From an early age, I have been fascinated by industrial sites, especially abandoned buildings and the lure these empty, lonely and haunting structures held. Though sad, there I found solitude and in the decades we have become close friends, slowly revealing secrets that lay hidden within each of us.
Over the years the great chasm of time, when focusing on building a business as a graphic designer and commercial advertising photographer, meant expressing my creativity in an entirely different form. One that I would come to draw upon these last several years in the course of developing an artistic fine art vision.
Yet being born and raised in Europe before coming to America also provided me with a unique perspective towards art. An education that drew on the experiences of multiple different cultures, which also meant dealing with issues of ‘belonging’ and ‘nationality’ and my own relationship to them.
During the course of my profession as a graphic designer, I developed a fine sense between design, composition, negative shapes and colour, and their relationship to each other. Expressing these ideas using various forms of media, from traditional oils, acrylics, to film and digital photography, including the use of the computer not only as a tool in post-production work, but to create digital art. Though this allowed me to use a variety of media venues, photography remained my primary tool of expression until 2000, when I seriously focused on building a body of fine art that now included painting.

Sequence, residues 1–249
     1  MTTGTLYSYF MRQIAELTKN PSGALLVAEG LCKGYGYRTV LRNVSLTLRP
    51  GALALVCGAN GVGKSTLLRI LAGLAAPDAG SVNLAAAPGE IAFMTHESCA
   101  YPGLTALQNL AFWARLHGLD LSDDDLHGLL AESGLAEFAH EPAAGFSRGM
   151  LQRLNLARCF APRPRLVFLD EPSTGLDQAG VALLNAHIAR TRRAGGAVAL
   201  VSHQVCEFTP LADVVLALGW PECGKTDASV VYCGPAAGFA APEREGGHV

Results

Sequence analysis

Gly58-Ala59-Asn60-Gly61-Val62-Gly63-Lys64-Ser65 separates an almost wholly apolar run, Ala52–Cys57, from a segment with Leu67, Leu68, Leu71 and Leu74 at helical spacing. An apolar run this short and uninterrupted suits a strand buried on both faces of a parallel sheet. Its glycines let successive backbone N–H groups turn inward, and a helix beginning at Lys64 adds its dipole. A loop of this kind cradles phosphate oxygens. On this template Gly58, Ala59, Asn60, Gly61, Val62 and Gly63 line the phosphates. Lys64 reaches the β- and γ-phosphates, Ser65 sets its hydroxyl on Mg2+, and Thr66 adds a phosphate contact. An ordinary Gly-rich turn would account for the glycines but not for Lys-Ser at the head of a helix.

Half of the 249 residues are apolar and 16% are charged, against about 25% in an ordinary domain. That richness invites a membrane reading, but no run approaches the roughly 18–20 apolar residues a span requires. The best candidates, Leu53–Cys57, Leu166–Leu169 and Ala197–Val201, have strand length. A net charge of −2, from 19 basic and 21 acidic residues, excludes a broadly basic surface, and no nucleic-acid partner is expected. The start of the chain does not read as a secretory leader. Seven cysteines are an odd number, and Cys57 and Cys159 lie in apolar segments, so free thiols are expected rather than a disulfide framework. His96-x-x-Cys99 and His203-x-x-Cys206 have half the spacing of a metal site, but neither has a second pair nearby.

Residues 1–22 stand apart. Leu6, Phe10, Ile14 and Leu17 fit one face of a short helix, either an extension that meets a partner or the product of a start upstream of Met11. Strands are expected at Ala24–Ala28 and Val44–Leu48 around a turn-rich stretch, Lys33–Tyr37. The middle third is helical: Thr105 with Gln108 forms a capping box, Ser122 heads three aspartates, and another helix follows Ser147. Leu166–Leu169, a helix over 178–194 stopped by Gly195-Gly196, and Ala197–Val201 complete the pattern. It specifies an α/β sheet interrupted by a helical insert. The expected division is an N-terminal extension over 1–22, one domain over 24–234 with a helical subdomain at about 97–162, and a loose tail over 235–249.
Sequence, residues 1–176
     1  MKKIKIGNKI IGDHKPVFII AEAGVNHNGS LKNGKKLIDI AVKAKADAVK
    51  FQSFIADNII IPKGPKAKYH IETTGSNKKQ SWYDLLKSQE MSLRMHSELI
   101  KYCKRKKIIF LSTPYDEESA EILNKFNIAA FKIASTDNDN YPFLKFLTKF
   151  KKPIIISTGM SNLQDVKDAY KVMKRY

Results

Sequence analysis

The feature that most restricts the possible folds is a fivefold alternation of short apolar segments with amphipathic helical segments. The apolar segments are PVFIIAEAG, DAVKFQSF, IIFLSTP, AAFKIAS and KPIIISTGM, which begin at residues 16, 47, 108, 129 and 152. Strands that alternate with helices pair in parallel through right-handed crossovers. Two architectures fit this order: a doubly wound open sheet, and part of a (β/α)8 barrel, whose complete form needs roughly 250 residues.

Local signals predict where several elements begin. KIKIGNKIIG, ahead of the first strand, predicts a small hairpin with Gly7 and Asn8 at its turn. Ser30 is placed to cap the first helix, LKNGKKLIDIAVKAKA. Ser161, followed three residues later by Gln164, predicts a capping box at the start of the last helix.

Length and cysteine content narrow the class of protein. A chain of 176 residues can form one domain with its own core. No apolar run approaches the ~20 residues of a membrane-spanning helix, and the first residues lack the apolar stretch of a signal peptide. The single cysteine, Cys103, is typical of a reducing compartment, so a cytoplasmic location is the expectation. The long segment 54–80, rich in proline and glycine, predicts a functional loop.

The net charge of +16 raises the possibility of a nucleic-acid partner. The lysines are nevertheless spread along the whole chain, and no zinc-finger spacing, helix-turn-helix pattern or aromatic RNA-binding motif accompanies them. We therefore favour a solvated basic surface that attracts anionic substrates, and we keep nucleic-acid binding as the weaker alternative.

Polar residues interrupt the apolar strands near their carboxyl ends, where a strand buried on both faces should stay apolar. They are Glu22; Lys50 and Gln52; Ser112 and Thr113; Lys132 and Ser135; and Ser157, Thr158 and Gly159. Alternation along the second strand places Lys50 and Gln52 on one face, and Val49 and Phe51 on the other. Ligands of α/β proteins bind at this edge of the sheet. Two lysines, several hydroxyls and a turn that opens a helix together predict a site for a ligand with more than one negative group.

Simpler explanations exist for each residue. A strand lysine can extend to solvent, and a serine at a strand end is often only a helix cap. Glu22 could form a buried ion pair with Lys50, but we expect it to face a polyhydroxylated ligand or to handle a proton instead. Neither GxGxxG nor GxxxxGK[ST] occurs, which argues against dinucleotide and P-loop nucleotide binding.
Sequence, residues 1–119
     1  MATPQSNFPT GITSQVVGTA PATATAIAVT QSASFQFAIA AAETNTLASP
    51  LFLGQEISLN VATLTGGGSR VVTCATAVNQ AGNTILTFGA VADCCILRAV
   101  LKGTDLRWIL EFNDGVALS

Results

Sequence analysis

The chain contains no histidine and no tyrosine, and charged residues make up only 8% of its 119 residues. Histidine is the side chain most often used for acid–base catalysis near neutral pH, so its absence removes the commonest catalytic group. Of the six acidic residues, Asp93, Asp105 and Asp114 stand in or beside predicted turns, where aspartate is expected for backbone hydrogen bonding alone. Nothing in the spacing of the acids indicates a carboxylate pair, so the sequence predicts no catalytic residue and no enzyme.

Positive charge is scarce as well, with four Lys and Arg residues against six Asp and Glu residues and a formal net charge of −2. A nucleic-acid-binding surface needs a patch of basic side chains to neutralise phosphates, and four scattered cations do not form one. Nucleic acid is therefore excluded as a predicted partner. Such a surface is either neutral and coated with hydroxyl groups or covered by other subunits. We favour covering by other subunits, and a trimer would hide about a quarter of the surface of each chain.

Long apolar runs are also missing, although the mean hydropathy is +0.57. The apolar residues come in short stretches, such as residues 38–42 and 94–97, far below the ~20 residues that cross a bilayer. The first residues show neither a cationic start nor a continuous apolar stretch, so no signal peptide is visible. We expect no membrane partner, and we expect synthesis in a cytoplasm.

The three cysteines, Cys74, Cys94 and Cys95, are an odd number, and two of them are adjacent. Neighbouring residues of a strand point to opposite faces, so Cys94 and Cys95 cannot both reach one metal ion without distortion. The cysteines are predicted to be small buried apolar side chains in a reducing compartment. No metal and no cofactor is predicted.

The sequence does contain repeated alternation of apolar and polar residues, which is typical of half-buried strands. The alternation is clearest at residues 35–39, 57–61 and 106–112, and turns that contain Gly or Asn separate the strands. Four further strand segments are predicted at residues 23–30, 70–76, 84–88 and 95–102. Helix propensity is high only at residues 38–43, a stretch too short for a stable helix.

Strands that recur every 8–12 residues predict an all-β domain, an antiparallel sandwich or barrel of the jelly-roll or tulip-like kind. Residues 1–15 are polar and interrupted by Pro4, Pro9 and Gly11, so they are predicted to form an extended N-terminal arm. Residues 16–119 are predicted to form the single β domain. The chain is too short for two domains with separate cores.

During this time the dichotomy between photography and painting collimated in 2009, in the creation of the term ‘Abstract Realism’ to describe the photography and multi-medium paintings that were now being created.
The subject matter I drew upon were the industrial sites and empty structures, with which I had established an intimate friendship. Their rich ephemeral textures altered by anonymous hands, spoke volumes to me, as I saw beauty in that which others would dismiss as insignificant trifle. Yet here was ever changing discarded beauty longing to be captured and framed in a different light, so that those who failed to see at first, could now appreciate and possible understand.
I feel fortunate to have the ability to see possibilities in things others neglect and reveal a new perspective, yet while expressing my artistic vision with what brings me pleasure, I also feel a duty as an artist to take on subject matters dealing with social issues. For artists have been given an ability, a voice that enriches our lives with beauty and it is only right, that one acknowledges this gift.